Within the sections with more dancers the movements seem hesitant at times, yearning, trying to connect with another which is sometimes successful and sometimes not. The dance builds with the music, expectant and alive. When the whole company is on stage one person separates, leaves, then returns only to have another dancer repeat those same actions. Ms. Selwyn’s dance vocabulary fully explores movements of the torso allowing the rest of the body to respond, experimenting with following or resisting the torso’s momentum.

Amanda Selwyn Dance Theater in “Detour” Photo by Debi Field

In Stop, Look, Listen, projections on the back wall mirror the movements of the dancers, when one dancer extends an arm, a mirrored image, larger than the dancer by several times extends the arm in the same movement. Sometimes the image is so large that just the torso or parts of a body can be seen. With the projected images on the wall you begin to wonder what is real, is the projected images actual reality or is the dance. If the projected images are the actual reality that would make the dance, and the dancers, nothing more than images created by the synaptic response from someone else’s thought processes as seen in a dream.

Amanda Selwyn Dance Theater in “Detour” Photo by Nir Arieli

Detour is not so much vignettes but rather individual conversations that sometimes overlap. Sometimes it is one person, sometimes just two and then several, but each section is speaking with the same vocabulary of movement and purpose. At times there is a sense of weaving underwater, enhanced by the lighting and back wall projections, the dance is filled with movement like that of a remembered river’s current or a mellow wave.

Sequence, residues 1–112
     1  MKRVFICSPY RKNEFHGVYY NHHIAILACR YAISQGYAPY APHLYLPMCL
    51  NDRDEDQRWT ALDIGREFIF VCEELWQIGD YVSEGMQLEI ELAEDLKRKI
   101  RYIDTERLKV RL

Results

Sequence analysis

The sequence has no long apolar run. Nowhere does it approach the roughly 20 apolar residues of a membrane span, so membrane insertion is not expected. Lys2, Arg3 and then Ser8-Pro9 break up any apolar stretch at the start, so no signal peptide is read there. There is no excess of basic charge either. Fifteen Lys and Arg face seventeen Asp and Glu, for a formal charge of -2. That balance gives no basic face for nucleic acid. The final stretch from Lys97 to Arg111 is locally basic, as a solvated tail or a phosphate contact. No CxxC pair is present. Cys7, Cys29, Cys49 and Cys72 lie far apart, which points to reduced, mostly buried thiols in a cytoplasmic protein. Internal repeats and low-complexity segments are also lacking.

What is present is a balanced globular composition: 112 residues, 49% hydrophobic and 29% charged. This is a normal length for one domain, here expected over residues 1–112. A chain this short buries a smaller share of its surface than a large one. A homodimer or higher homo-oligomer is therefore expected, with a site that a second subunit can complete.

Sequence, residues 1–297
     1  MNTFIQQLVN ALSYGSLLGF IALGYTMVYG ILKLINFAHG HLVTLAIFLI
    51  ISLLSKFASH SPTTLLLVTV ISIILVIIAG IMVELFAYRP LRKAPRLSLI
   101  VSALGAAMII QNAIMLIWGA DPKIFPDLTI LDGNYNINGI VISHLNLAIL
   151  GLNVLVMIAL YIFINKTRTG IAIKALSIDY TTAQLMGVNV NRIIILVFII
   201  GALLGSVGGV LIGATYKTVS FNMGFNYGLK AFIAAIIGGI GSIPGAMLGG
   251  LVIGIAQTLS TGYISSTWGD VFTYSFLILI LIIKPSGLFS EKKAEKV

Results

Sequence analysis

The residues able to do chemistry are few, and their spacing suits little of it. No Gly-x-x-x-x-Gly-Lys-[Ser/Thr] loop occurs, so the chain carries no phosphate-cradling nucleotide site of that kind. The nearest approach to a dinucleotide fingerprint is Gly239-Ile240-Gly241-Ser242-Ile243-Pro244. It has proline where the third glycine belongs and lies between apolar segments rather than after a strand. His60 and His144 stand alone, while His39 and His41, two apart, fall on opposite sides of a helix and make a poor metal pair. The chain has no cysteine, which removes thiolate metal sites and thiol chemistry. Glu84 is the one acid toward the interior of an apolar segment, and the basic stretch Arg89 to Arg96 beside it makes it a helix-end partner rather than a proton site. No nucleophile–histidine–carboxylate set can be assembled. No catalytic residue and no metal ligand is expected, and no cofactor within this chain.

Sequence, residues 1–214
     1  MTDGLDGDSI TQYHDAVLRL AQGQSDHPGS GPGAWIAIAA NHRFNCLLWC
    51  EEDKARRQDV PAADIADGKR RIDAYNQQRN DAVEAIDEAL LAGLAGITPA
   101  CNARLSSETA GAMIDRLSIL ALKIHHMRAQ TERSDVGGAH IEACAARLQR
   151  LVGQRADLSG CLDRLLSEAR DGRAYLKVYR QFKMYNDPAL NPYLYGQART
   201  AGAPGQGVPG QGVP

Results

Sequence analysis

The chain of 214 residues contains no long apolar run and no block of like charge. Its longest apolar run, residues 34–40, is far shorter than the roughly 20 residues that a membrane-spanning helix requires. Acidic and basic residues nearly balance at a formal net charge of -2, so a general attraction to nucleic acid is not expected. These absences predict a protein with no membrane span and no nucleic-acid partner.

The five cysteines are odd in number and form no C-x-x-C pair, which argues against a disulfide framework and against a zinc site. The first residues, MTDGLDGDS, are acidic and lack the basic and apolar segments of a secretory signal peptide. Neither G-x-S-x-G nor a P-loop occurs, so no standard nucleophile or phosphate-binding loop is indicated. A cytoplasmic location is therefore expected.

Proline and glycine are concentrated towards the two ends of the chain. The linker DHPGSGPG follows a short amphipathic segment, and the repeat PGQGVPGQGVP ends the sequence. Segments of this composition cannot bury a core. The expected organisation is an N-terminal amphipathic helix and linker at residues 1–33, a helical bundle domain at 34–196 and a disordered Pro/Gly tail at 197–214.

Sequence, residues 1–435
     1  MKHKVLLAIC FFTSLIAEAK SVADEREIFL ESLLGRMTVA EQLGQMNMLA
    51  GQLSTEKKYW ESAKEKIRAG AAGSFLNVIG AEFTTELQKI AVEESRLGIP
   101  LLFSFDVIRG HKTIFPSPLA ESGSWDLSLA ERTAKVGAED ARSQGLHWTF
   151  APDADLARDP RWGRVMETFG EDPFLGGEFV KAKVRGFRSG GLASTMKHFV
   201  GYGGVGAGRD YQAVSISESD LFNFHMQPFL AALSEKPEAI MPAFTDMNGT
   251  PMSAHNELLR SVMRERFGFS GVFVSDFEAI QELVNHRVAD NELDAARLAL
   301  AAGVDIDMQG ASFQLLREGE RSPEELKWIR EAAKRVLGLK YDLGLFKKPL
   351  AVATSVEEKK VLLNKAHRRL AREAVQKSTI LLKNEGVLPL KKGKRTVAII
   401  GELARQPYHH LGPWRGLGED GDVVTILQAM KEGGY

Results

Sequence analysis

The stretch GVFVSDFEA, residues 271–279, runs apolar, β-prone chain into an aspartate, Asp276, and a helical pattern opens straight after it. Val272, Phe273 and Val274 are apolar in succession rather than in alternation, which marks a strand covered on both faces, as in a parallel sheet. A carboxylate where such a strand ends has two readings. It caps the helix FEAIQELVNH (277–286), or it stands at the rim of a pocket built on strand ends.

Joori Jung was wonderful, your eye flowing her every time she is one the stage. She has a natural lyricism that is well matched with Ms. Selwyn’s choreography. Alexander Dones is one of my favorite male dancers, his athleticism is commanding to the eye and his natural abilities create exciting movements that flow from tender to explosive. Robert Vall possesses strength to his dancing that is accentuated by a long, lean line; he is a joy to watch. Mackenzie Tyler moves with intensity and a feminine sense of power, you feel her joy of dance in every step she takes. Justin Lynch has a fluidity that is rare and he does not move but flows into every movement or shape he takes. He is delicious to the eye. Francisco Silvino, his body sculpted like a Greek god, possesses a calm dignity of presence on stage, his movements masterful and strong.

Amanda Selwyn Dance Theater in “Detour” Photo by Nir Arieli

Ms. Selwyn has her own voice, she speaks from a place within the heart, she is unafraid to peer into the corners of one’s soul. She explores every corner, and what she finds she expresses with movement that which cannot be said in words. Detour explores the concept of perception, of how we perceive or interpret what is before us. It creates a world where surrealism is the norm, a world where perceptions shift constantly, but it is a world that is intriguing and you want to see more.

From → Dance